Significant areas of forest and woodland growing in marginal or semi-arid regions of Australia are currently at risk of decline in response to climate change. The river red gum (Eucalyptus camaldulensis Dehnh.) is a large tree found in riparian zones and associated floodplains in arid and semi-arid regions throughout Australia [34]. River red gum depend on flooding for recruitment, but adults can withstand prolonged periods of drought. Changes to watering regime, resulting from decreased flood frequency as a result of both river regulation and prolonged drought (hotter, drier conditions) in south-eastern Australia, have caused populations of river red gum within the Murray-Darling Basin to decline [35][37]. The extent of genetic adaptation among widely distributed populations could inform our understanding of adaptation to climate in this species, as well as reveal candidate gene loci that may be important as genetic markers to assess adaptive potential and guide conservation.

Across the Australian continent E. camaldulensis traverses strong environmental gradients and has likely evolved mechanisms to cope with variation in water availability. Variation in morphology between provenances suggests populations may be locally adapted [38], [39]. Genetic diversity and evidence of genetic adaptation have also been assessed. A survey of genetic diversity based on microsatellite loci revealed high levels of genetic diversity that exhibits geographically defined structure [40]. Genetic differentiation among populations was correlated with environment, however this relationship was attributed to historical, demographic factors rather than selection. DNA sequence variation in E. camaldulensis revealed high levels of nucleotide diversity in genes within secondary metabolite biosynthetic pathways [41], and ratios of non-synonymous to synonymous polymorphism implied positive selection. Thumma et al. [42] performed whole transcriptome profiling to identify genes that may be important to drought response. Sequence analyses revealed high ratios of non-synonymous to synonymous polymorphism in nearly 300 genes which were identified as putative targets of positive selection, with a third of these being differentially expressed between drought treatments. A recent study of adaptive variation at the whole genome scale in E. camaldulensis sampled from four sites in northern Australia revealed signatures of adaptation based on nucleotide sequence level tests [33]. Nearly 2000 SNP loci were identified whose alleles were differentiated between pairs of environmentally contrasted sampling locations.

Given the broad geographic and environmental distribution of E. camaldulensis it is desirable survey patterns of diversity at genetic loci that could be targets of selection, e.g. coding genes, in population samples spanning the natural range of the species. The earlier microsatelite study extensively sampled the natural populations, however the marker system applied was not suitable for studies of adaptation. Conversely, studies of genetic adaptation have targeted only a narrow subset of the available population diversity or did not allow comparison among populations. In this study we examined genetic diversity and divergence of 59 SNP markers sampled from twelve candidate gene loci in 20 populations of E. camaldulensis distributed across the species natural range. Several tests for evidence of genetic adaptation were performed upon individual SNPs as well as set of SNPs representing whole genes, and correlations with environmental parameters were investigated via association studies. The results suggest selection has driven diversity among populations for some genes and highlights the amenability of this species for further landscape level studies of adaptation employing larger numbers of individuals, populations and SNP loci.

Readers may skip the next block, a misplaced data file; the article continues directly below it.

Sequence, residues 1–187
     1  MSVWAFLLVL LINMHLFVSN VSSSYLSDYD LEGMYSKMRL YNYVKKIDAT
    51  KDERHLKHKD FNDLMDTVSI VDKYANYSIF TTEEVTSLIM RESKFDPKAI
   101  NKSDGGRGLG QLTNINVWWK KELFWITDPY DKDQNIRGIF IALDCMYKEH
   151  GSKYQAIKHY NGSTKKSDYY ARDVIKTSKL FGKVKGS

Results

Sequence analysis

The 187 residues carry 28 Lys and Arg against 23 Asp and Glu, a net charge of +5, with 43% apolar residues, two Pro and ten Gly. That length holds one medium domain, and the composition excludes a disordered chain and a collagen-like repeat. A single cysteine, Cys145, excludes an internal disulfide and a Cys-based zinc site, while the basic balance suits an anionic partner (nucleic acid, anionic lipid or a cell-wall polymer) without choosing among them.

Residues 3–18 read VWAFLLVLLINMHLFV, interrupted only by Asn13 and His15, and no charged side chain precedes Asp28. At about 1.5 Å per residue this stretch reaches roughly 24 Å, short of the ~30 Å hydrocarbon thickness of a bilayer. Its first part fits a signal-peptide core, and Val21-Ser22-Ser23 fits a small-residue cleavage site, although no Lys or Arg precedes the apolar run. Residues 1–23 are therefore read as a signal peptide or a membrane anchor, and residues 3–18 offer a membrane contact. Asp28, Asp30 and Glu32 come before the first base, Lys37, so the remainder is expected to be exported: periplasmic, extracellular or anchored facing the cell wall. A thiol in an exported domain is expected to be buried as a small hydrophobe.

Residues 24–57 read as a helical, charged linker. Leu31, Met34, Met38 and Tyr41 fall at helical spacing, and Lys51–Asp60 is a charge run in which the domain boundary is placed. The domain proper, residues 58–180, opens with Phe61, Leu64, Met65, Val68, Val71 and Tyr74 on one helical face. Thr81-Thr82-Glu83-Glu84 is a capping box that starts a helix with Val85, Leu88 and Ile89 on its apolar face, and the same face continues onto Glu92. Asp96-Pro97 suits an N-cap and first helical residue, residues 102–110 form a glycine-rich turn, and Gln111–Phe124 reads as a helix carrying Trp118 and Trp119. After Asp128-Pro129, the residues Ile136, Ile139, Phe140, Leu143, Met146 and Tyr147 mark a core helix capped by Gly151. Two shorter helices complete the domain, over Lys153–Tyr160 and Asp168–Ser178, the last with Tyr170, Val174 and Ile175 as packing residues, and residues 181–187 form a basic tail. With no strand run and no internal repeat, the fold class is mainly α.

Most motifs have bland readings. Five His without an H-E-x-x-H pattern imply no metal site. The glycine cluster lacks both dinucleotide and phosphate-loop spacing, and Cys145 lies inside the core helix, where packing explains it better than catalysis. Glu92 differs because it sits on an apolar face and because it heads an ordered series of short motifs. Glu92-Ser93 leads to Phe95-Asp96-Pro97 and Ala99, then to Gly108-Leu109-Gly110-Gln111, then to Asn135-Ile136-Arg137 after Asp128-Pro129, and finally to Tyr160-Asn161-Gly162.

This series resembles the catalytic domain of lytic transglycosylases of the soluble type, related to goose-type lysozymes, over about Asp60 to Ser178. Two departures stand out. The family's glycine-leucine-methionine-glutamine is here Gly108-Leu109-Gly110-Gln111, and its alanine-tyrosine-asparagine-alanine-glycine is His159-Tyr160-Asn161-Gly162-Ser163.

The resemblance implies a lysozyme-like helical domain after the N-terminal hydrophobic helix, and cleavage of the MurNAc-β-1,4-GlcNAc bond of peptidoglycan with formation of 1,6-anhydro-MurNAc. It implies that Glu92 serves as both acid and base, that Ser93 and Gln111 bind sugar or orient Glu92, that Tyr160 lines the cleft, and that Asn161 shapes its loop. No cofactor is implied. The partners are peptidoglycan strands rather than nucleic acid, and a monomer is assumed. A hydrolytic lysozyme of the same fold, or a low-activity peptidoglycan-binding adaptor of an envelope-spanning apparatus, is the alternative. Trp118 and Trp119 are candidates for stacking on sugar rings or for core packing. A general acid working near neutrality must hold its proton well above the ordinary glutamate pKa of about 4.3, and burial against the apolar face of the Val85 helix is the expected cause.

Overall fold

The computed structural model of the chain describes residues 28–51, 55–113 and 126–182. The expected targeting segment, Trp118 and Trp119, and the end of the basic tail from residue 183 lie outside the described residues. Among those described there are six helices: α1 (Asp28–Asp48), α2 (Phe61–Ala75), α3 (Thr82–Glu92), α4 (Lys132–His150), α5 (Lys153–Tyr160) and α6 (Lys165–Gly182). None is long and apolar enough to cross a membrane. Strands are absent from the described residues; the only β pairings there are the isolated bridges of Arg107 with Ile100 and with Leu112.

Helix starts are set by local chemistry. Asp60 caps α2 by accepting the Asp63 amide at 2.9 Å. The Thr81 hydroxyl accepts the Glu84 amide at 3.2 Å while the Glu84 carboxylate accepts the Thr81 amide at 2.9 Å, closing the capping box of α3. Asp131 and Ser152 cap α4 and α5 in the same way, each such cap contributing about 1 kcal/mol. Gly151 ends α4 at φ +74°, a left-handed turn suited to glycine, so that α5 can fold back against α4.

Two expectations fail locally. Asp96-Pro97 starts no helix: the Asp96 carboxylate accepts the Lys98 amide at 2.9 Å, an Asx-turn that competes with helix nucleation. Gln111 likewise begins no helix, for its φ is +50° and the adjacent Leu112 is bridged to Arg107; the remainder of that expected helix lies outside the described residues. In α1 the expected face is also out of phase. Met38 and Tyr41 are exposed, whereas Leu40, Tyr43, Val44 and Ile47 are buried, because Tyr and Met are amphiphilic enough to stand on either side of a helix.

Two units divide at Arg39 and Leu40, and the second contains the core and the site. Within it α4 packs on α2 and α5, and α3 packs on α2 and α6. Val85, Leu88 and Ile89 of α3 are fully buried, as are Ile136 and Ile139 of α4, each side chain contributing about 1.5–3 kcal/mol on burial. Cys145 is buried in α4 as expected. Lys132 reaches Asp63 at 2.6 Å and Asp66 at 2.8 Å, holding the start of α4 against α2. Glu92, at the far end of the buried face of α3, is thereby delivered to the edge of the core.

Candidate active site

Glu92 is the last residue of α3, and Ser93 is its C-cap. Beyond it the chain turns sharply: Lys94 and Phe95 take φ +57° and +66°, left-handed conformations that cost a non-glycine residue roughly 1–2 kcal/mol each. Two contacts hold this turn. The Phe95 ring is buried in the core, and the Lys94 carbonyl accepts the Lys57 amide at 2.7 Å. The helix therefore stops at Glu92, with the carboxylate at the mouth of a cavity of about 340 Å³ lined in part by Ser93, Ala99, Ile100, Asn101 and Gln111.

Ten trees were sampled per population across 20 populations spanning the natural distribution of E. camaldulensis, representing a subset of the collection previously published by Butcher et al. [40] (Table 1; Figure 1). Individual tree DNA samples were archived at the CSIRO Plant Industry laboratories, Canberra, and were used with permission. In total, 2 µg of diploid genomic DNA previously extracted from leaves using a modified CTAB protocol [43] was further purified on QIAGEN QIAquick PCR purification columns according to the manufacturer's instructions. Data for 15 microsatellite (SSR) loci previously generated by Butcher et al. [40] in the same 20 populations (with the exception of Wirrengren Plain) was made available and included in downstream analyses, serving as a benchmark for neutral, demographic effects on population genetic diversity.

Figure 1. Location of E. camaldulensis populations sampled at 20 sites across mainland Australia.

Occurrence records of E. camaldulensis downloaded from the Atlas of Living Australia (small circles) approximate the distribution of this species, which does not occur in Tasmania.

Table 1. E. camaldulensis populations sampled at 20 sites across Australia.

Environmental data